A showdown could be looming between Congress and the Bush administration over a $150 million request for emergency aid for the Palestinian Authority government led by President Mahmoud Abbas.
At issue is whether or not Mr. Abbas has either the capacity or desire to bring Palestinians closer to a peace deal with Israel, and it was his own words that triggered congressional wrath.
In an interview with Jordanian newspaper Al-Dastur last week, Mr. Abbas spoke with pride of violence he had waged in his past, suggested that terrorism could start anew in the future, and essentially backed away from repeated statements that he recognizes Israel’s right to exist. A top congressional appropriator, Foreign Operations Chairman Nita Lowey, said flatly, President Abbas’ recent statements cast doubt on his willingness to take the steps necessary for peace with Israel.
But Mr. Abbas’ comments alone likely would not have sparked this fracas. Just one day after news of the interview shocked key legislators and staffers, who learned of it last Thursday when it was translated into English by watchdog group Palestinian Media Watch (PMW), the administration sent over its request for $150 million in direct cash assistance to Abbas’ PA.
What were they [administration officials] thinking sending over the request the day after Abbas announces he’s open to re-starting terrorism and doesn’t really recognize Israel’s right to exist? asked one miffed Hill staffer.
Appearing much less careful than when speaking in English, Mr. Abbas last week told the Arabic-language Al-Dastur, I was honored to be the one to shoot the first bullet in 1965, the year his organization, Fatah, initiated terrorism against Israel. (Transcript provided by PMW.) The renowned moderate Palestinian leader then explained his pride in having taught resistance to many in this area and around the world … including Hezbollah, who were trained in [PLO] camps.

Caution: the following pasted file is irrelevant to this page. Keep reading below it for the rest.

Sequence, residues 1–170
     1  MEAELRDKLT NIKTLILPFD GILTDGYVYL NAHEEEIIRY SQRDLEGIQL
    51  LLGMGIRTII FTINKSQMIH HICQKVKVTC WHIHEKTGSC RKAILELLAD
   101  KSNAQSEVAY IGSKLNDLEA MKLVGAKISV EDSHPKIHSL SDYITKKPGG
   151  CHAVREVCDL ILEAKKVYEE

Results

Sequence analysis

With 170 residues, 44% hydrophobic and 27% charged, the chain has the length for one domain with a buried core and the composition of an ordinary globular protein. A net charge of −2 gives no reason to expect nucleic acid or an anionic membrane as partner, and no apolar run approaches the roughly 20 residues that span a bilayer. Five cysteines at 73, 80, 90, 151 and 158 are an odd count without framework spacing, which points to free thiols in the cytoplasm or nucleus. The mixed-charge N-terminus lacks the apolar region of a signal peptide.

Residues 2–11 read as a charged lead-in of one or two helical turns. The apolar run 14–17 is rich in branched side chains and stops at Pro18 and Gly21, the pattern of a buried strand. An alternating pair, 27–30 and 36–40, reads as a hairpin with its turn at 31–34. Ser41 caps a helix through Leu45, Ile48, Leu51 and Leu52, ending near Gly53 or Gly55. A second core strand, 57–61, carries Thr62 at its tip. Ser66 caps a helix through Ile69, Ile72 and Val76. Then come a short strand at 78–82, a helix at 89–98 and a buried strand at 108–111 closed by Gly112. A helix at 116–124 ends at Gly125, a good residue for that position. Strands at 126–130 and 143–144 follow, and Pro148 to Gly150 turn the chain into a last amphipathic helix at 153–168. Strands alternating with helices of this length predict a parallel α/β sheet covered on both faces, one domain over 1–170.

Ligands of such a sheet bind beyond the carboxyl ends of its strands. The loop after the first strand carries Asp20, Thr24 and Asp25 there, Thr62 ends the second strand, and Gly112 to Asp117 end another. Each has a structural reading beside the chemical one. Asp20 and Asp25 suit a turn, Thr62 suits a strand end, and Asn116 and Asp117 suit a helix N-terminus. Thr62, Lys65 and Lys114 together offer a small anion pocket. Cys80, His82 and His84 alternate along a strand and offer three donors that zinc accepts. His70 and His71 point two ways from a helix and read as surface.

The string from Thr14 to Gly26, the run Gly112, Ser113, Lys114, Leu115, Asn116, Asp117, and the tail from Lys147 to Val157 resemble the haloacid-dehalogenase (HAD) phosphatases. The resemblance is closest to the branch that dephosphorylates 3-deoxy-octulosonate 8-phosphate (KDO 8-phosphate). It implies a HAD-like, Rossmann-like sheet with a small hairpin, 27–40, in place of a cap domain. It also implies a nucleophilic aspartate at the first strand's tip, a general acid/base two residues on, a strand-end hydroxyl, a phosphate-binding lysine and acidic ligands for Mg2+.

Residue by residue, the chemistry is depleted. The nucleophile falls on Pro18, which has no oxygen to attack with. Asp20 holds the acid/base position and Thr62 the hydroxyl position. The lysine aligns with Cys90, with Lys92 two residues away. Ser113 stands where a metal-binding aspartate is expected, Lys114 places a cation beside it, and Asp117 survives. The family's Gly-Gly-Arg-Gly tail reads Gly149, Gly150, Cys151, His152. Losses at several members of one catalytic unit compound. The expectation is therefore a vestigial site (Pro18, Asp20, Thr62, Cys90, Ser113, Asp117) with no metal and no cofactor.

At least Mr. Abbas stated an opposition to terrorism, noting, Now we are against armed conflict. His reasoning, though, is what troubles Congress: because we are unable. Possibly hinting at a shift in strategies, he immediately added, In the future stages, things may be different.
Most concerning to Congress, however, was a statement that at first blush might seem relatively innocuous. Discussing the question of whether or not Hamas must recognize Israel, Mr. Abbas explained, I don’t demand that the Hamas movement recognize Israel. I only demanded of the [Palestinian] national unity government that would work opposite Israel in recognition of it.
This comment raised eyebrows because it shifted the common understanding of what it means to recognize the Jewish state. Most understand recognition to be fairly straightforward: The acknowledgement of the right of Israel to exist peacefully as a Jewish state neighboring a Palestinian one. Mr. Abbas, however, now defines recognition as acknowledging in a literal sense that an entity named Israel is the country at the other end of the negotiating table.
Mr. Abbas does not deserve the benefit of the doubt on this count. Defending his recognition of Israel on TV network Al-Arabiya in October 2006, he explained that it was more a practical reality than a meaningful political position. He cited as an example the need for the PA to get $500 million from Israel: The Palestinian finance minister has to come to an agreement with the Israeli finance minister about the transfer of the money. So how can he make an agreement with him if [the PA finance minister] does not recognize him? So I do not demand of Hamas nor any other to recognize Israel. But from the government that works with Israelis in day to day life, yes.
In other words, Mr. Abbas only recognizes Israel when money is on the line, but not in the way the U.S. and Israel think he does.
The contents of that interview only came to public attention because of the tireless work of Palestinian Media Watch, which monitors a wide array of Palestinian media on a shoestring budget. And in the next week, PMW will be releasing a report titled Since Annapolis, which will detail how in the few months since this most recent round of peace talks, the PA Abbas-controlled media has continued to send clear messages to its people that deny Israel’s right to exist and anticipate its destruction, according to PMW director and founder Itamar Marcus.
Even if Rep. Lowey gets strong bipartisan support to withhold the $150 million from the PA, odds are Mr. Abbas will get the money he needs in the short run, whether from the U.S. or not. But in the future, he might finally be more careful before speaking even in Arabic.
Joel Mowbray occasionally writes for The Washington Times.